On behalf of our clients Idaho Conservation League, Puget Soundkeeper Alliance, and Sierra Club, we challenged the applicability date rule in the U.S. District Court for the Western District of Washington. On November 26, 2018, that court ruled in favor of our challenge and decided that the Trump administration’s attempt to delay the Clean Water Rule for two years without a complete and full public comment opportunity was unlawful. As a result, the applicability date rule has been “vacated” nationwide, which means the rule is completely overturned and the agencies have to go back to the drawing board. Because a federal district court in South Carolina reached a similar decision in August of this year, the Washington court’s decision does not affect which rule applies on the ground, but instead adds strength and clarity to the legal landscape. The South Carolina court’s August decision reinstated the Clean Water Rule in the twenty-two states where it is not under a separate court injunction, and it remains in effect in those states today, providing protections to waterways using science-based definitions to determine which waters are protected by the Clean Water Act. The decisions by the South Carolina and Western District of Washington district courts reaffirmed that the agencies can’t simply ignore the data and deny protections to our nation’s waters without scientific support and without input from the public.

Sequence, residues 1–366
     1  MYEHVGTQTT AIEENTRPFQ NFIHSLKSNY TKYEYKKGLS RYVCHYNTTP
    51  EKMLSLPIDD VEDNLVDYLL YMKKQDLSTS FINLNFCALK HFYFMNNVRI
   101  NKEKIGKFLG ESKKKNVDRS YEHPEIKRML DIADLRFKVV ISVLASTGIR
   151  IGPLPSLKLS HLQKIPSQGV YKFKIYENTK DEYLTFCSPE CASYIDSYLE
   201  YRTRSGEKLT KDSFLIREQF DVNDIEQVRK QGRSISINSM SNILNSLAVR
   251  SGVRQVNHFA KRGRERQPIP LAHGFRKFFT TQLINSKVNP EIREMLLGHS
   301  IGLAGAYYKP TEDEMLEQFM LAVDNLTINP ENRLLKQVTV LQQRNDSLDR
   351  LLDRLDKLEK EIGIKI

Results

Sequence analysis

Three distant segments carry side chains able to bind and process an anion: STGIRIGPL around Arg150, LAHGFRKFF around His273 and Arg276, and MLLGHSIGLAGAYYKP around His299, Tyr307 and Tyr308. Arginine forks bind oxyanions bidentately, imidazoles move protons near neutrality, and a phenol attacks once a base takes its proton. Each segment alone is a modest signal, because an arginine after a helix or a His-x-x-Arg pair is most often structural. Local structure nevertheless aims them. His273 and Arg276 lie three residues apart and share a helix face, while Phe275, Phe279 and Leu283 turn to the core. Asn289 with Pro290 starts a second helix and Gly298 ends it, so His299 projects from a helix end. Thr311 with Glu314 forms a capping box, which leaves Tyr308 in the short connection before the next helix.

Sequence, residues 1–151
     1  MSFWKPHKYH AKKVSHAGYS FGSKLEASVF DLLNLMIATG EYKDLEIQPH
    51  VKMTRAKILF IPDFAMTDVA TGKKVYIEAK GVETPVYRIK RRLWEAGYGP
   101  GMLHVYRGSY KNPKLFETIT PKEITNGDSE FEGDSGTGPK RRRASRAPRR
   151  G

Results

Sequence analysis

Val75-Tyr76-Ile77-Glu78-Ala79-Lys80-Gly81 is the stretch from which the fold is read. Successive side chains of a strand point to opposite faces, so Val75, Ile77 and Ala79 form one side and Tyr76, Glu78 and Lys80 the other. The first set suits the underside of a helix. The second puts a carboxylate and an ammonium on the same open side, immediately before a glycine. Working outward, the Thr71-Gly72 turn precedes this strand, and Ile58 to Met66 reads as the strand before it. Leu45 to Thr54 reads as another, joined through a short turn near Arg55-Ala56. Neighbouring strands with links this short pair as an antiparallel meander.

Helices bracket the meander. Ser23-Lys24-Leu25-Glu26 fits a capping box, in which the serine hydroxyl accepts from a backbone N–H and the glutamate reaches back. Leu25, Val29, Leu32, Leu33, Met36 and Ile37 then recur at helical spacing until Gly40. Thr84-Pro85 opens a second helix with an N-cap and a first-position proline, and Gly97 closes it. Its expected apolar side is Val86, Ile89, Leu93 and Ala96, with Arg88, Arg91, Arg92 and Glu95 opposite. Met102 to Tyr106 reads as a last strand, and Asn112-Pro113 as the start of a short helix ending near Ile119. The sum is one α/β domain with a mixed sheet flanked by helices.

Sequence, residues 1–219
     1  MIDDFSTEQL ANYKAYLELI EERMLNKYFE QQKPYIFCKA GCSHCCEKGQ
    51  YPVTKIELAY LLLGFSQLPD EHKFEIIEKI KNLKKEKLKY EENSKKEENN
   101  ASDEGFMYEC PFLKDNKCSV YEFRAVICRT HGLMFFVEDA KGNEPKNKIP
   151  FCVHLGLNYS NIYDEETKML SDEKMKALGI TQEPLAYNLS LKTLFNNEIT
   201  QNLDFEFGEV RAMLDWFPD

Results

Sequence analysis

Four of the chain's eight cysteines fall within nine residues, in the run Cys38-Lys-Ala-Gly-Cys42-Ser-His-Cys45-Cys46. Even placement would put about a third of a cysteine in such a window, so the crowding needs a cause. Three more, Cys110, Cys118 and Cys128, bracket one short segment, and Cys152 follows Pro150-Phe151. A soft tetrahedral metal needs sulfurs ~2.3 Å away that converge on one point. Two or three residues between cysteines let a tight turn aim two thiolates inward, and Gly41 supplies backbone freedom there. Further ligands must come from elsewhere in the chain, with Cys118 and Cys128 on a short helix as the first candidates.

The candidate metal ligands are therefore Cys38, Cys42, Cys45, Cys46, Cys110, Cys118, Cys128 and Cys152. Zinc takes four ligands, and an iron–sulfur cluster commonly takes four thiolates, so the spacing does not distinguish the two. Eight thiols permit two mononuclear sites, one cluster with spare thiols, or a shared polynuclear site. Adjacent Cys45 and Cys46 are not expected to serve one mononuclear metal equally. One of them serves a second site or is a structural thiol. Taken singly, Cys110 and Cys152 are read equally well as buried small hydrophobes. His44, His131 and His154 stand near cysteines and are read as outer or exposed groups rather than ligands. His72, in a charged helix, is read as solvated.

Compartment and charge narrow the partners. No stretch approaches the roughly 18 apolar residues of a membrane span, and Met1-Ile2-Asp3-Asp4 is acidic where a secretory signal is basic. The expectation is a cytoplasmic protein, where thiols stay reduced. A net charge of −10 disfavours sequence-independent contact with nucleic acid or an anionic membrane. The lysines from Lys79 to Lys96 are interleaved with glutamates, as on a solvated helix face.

The work to protect our “waters of the United States” continues, as we defend the Clean Water Rule in courts in North Dakota and Oklahoma. And when the Trump administration announces its next steps in its quest to repeal the Clean Water Rule and replace it with a far weaker rule, Earthjustice will continue to fight for the full protection of our nation’s waters, as Congress intended.
As a supervising senior attorney in the Washington, D.C., office, Anna’s work focuses on clean water issues.
Earthjustice’s Washington, D.C., office works at the federal level to prevent air and water pollution, combat climate change, and protect natural areas. We also work with communities in the Mid-Atlantic region and elsewhere to address severe local environmental health problems, including exposures to dangerous air contaminants in toxic hot spots, sewage backups and overflows, chemical disasters, and contamination of drinking water. The D.C. office has been in operation since 1978.